- Some background on these
- EWC not the only one: Foster Wheeler
- Foster Wheeler starts with Woodside (see article below)
- And here
- And here
- Woodside Pluto project and others
- Hitachi and Toyo are serious about it (see article below)
- Chart and Toyo (see article below)
- Cheniere Energy?
- Siemens and EWC
- The Chinese?
Woodside/Foster Wheeler start world-first modular LNG plant
30 September 2008
Hamilton, Bermuda – The world’s first onshore LNG processing train to be designed and constructed in modular form – the North West Shelf Venture (NWSV) facility at Karratha, Western Australia, operated by Woodside Energy Ltd – is now fully operational and producing LNG for export. The processing train was delivered by a joint venture led by Foster Wheeler.
The Foster Wheeler-WorleyParsons JV led the engineering, procurement and construction phase of the Aus$2.6-billion NWSV Phase V LNG expansion. This involved the construction of a fifth LNG processing train with a production capacity of 4.4 million metric tonnes a year, plus a jetty extension and second LNG loading berth, two additional power generation units, a third fractionation unit, a new fuel gas compressor, an acid gas removal unit and a third boil-off gas compressor. Foster Wheeler is currently applying simuilar modular design concepts and execution philosophy for the Pluto LNG plant for Woodside.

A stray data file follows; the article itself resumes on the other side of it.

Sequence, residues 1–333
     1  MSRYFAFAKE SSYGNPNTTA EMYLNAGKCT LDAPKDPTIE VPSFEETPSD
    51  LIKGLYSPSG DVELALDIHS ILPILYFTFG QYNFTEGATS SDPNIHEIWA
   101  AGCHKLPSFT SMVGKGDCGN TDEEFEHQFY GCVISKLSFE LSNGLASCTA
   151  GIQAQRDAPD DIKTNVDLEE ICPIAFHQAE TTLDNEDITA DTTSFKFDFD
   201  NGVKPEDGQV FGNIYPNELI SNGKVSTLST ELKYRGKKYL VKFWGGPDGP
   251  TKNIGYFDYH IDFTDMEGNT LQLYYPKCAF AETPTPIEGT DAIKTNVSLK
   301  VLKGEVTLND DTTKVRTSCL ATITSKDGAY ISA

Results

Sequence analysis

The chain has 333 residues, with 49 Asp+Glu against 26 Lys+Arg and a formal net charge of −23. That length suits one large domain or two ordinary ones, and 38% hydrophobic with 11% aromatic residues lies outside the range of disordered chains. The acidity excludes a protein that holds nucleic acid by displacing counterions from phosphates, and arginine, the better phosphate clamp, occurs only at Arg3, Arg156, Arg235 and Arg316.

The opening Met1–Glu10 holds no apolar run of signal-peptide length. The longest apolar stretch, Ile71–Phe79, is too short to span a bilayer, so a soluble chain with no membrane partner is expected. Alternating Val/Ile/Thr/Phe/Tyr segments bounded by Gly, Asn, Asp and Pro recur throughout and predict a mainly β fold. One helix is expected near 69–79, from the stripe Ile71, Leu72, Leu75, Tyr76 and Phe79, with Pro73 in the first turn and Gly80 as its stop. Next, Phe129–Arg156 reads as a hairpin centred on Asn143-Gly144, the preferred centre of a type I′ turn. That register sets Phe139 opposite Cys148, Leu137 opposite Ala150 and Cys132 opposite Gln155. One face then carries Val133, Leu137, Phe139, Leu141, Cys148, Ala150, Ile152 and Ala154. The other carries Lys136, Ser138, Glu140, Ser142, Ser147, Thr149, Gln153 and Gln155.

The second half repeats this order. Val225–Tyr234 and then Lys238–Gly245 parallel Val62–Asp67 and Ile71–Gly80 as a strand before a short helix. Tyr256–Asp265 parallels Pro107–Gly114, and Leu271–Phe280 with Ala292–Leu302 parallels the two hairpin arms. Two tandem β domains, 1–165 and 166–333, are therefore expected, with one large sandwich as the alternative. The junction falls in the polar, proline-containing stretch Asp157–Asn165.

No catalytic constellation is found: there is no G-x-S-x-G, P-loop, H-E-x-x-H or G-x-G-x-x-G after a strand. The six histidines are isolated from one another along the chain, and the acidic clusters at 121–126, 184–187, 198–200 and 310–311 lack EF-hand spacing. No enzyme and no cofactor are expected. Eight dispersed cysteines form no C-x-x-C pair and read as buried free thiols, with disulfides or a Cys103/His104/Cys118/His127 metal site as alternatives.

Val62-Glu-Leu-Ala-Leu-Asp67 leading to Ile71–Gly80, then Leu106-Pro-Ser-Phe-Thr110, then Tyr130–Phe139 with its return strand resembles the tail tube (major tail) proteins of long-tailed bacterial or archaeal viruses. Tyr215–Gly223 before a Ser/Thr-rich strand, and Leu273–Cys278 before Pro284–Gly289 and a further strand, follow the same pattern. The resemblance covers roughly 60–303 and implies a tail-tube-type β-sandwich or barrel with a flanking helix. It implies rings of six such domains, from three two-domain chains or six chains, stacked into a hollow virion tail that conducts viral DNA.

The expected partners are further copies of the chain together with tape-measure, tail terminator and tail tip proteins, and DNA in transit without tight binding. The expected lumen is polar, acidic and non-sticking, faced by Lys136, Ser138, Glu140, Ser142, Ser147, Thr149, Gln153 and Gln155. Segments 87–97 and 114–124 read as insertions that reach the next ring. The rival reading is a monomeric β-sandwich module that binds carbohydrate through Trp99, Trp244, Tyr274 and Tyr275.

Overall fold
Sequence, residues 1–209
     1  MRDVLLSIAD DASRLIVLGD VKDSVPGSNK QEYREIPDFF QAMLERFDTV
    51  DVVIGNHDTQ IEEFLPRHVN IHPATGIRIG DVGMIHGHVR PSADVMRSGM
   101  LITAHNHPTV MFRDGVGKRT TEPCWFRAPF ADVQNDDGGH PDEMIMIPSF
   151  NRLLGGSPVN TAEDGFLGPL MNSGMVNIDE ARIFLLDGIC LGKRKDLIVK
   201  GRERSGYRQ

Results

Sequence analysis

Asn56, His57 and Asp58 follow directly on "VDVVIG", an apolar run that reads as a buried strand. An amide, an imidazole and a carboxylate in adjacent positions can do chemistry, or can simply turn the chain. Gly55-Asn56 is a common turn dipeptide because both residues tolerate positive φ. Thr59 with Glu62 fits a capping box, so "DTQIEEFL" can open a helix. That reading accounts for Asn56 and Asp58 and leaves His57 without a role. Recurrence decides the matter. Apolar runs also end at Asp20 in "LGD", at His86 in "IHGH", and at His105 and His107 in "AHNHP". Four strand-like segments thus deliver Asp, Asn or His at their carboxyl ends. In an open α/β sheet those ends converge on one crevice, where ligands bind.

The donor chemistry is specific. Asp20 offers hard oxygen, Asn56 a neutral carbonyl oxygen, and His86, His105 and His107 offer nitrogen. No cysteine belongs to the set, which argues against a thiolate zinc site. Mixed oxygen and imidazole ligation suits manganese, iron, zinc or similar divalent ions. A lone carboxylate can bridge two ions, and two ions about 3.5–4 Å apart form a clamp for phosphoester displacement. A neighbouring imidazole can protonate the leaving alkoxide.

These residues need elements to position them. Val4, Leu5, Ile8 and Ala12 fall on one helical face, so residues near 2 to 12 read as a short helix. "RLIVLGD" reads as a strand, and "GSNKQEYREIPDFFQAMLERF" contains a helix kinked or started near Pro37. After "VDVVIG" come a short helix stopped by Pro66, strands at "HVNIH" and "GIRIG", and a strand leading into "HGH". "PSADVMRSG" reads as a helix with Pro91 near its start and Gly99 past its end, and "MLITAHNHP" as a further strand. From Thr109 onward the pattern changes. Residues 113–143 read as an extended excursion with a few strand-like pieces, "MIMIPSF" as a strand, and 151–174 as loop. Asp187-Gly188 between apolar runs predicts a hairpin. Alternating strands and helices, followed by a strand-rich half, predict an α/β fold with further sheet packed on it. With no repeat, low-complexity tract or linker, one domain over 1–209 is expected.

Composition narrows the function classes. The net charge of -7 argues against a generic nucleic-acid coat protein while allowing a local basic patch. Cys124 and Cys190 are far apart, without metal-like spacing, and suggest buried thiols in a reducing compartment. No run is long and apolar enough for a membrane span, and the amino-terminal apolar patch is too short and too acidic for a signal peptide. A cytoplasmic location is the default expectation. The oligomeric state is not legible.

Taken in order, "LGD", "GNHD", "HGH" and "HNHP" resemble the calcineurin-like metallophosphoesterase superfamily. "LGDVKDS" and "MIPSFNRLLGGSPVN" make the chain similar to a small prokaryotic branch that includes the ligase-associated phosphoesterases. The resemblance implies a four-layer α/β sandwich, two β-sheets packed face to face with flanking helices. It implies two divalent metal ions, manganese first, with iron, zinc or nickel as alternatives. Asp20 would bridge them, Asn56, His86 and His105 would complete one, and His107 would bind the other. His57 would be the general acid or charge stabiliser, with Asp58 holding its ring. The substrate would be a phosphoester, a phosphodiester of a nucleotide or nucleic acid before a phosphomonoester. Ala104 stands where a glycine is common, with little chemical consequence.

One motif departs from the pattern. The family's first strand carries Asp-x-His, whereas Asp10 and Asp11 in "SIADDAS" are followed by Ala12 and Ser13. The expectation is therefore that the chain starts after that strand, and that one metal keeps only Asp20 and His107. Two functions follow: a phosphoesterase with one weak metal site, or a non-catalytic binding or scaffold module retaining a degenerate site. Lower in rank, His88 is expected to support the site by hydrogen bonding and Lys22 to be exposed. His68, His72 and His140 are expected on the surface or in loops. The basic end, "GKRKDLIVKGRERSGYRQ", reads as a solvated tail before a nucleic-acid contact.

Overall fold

“Train 5 has been safely and successfully completed on time and at a highly competitive cost in an environment of extremely constrained resources. This remarkable achievement is testament to the focus and commitment of the project team in delivering this additional production infrastructure,” said Eve Howell, executive vice president North West Shelf, Woodside Energy Ltd.
The six equal participants in the North West Shelf Project are BHP Billiton Petroleum (North West Shelf) Pty Ltd, BP Developments Australia Pty Ltd, Chevron Australian Pty Ltd, Japan Australia LNG (MIMI) Pty Ltd, Shell Development (Australia) Pty Ltd and operator Woodside Energy Ltd. China National Offshore Oil Corp. is also part of the North West Shelf Venture but does not have an interest in its infrastructure.
INTERVIEW: Hitachi, Toyo Target Sale Of Small LNG Plants To Asia